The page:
- Author: Maor Matzrafi
- Posted by: Gale Perez
It is well known that herbicide efficacy is strongly associated with environmental conditions (Kudsk and Kristensen, 1992), and this is why applicators are required (by law) to spray under specific environmental conditions. In recent years, we have witnessed an increase in extreme weather events that have emphasized the importance of maintaining proper environmental conditions at, but more importantly after herbicide application. As part of my PhD project, I demonstrated that the first 48 hours after treatment (HAT) with pinoxaden (Axial®,45 g L-1 EC, Syngenta, Switzerland) can have a major impact on the success of weed control (Matzrafi et al., 2016). To...
From the Topics in Subtropics blog
The following article is from the UC ANR Integrated Pest Management website, authored by Cheryl Wilen.
Puncturevine (Tribulus terrestris) is an aptly named summer annual found widely in California. Native...
- Author: Pratap Devkota
As we are in the mid-summer, many fields in the low desert region are preparing for soil solarization. Soil solarization is a widely adopted pest control method by organic growers in the low desert region. With the increase in organic production acreage in recent years, we are seeing more fields implementing soil solarization during summer.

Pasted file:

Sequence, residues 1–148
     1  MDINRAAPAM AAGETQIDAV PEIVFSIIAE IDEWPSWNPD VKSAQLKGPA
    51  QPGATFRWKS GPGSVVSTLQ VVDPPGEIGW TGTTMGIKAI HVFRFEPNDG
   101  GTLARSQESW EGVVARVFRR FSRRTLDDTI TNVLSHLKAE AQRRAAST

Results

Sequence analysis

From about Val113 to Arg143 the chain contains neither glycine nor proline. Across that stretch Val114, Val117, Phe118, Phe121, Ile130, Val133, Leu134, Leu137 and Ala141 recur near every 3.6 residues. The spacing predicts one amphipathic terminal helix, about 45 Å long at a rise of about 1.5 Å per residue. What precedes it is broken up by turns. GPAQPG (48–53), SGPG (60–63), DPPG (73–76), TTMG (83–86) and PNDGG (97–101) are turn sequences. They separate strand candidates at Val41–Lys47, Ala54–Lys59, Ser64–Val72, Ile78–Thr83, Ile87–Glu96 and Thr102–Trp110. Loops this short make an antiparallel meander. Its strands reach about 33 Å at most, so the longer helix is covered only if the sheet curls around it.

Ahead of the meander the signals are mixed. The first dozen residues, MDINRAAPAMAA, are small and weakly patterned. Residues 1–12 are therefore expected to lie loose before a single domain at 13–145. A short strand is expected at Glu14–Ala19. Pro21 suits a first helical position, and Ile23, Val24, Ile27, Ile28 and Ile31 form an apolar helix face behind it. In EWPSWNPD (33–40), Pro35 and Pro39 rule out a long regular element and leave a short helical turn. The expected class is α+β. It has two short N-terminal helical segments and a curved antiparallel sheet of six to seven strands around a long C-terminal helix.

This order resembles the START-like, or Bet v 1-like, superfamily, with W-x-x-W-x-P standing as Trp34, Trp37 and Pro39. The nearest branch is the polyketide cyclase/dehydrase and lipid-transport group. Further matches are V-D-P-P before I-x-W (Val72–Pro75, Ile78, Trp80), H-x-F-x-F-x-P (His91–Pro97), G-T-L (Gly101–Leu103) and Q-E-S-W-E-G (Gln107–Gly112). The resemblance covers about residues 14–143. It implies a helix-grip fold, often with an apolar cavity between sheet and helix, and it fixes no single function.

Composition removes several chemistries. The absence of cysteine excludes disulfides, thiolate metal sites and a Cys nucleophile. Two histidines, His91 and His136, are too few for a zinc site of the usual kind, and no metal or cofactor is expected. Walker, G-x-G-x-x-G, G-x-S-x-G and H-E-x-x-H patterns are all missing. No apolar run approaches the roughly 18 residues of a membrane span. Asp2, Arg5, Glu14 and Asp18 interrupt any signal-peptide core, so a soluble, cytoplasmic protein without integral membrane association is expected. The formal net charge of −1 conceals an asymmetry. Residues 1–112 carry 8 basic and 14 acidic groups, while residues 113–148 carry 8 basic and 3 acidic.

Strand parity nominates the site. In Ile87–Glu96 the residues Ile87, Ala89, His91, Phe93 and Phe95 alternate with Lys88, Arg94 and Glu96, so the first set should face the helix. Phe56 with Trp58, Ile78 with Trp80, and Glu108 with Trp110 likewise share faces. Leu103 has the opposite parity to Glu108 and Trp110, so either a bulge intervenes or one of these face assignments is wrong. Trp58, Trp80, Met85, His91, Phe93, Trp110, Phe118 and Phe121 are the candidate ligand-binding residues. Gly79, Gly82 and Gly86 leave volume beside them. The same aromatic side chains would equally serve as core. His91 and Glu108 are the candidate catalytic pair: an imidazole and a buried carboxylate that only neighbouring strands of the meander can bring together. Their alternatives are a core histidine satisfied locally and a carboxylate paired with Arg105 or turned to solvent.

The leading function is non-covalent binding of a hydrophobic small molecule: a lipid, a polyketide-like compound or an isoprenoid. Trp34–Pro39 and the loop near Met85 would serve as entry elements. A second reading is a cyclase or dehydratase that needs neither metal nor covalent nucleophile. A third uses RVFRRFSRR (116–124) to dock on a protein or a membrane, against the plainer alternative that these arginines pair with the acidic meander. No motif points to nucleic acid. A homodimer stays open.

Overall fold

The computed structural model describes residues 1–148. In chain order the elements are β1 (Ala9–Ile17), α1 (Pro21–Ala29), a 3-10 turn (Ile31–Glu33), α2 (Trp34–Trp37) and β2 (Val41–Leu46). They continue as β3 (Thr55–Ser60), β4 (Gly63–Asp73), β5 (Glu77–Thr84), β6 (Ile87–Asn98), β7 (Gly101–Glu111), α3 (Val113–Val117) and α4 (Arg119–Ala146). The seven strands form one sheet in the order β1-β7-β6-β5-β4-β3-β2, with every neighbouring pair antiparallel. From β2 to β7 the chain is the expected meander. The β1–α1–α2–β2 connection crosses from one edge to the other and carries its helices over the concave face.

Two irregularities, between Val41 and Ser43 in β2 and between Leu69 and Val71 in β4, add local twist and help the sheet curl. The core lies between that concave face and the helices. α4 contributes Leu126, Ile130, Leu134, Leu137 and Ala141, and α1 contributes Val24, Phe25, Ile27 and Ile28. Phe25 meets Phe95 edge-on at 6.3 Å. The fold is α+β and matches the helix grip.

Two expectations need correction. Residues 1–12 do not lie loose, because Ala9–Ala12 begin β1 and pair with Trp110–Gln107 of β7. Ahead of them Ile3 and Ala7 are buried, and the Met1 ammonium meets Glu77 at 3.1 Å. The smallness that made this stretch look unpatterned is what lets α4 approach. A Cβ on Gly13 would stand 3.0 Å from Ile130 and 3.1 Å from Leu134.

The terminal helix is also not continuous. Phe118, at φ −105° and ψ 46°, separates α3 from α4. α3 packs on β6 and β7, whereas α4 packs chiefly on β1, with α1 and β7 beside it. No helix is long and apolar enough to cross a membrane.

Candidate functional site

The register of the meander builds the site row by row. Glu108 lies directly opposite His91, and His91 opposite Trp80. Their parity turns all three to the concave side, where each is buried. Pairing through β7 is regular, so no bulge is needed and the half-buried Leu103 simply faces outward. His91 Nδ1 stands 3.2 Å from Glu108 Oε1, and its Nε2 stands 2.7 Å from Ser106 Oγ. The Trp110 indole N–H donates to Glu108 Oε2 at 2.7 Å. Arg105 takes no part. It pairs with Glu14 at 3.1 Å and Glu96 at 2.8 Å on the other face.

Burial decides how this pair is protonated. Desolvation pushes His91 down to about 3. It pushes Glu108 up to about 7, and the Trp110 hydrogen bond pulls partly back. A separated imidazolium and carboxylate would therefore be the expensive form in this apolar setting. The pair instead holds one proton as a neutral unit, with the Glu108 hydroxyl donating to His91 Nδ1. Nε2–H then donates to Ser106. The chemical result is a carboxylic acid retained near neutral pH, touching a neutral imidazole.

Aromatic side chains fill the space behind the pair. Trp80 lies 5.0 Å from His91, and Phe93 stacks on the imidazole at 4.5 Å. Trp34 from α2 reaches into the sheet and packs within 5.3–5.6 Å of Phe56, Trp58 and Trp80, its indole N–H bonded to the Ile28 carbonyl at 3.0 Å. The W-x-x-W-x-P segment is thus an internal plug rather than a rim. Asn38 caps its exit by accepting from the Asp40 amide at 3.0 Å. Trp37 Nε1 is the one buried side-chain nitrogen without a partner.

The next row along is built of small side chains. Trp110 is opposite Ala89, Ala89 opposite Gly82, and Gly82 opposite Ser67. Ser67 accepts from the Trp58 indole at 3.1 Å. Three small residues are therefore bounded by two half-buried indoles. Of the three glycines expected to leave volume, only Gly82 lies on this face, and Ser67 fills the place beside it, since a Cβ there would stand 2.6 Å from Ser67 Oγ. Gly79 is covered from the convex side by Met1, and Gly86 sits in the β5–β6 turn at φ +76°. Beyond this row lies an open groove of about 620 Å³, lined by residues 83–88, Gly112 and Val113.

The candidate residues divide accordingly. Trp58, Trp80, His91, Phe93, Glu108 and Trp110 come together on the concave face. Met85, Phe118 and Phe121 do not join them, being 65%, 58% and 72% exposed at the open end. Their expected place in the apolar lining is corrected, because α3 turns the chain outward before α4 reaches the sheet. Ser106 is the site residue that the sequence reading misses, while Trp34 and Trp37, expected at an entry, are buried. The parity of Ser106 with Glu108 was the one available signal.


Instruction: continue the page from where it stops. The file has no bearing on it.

Soil solarization is a method for controlling soilborne pathogens, insects, nematodes, and weed seeds & seedlings by disinfesting soil by the solar heat. Solarization is implemented during summer months, where soil is heated by covering with transparent polyethylene mulch/tarp. The plastic covering permits solar radiation/energy to penetrate and trap in the soil; thereby, building heat in...
- Author: Gale Perez
I was inspired by Sarah Morran's blog post "Introducing new researchers in the UC Davis Weed Science Group" and decided to look at the other end of the spectrum.
Introducing retired researchers in the UC Davis Weed Science Group
What I did: During my 35-year career with USDA/ARS beginning in Denver in 1976 and then in Davis in 1980, my research was focused on developing better tools to manage aquatic invasive weeds by investigating key characteristics of these species including drivers and physiological controls of growth,.../h2>
- Author: Brad Hanson
Links below about the 2018 UC Weed Day event:
First the video: https://youtu.be/XkUT_uSbxak Produced by the University of California Division of Agriculture and Natural Resources (UCANR) Communications group posted a great video that captured a lot of highlights of the field portion of Weed Day as well as the interactions among the participants.
Next, the Weed Day writeup posted on the Plant Science Department's news feed (written.../span>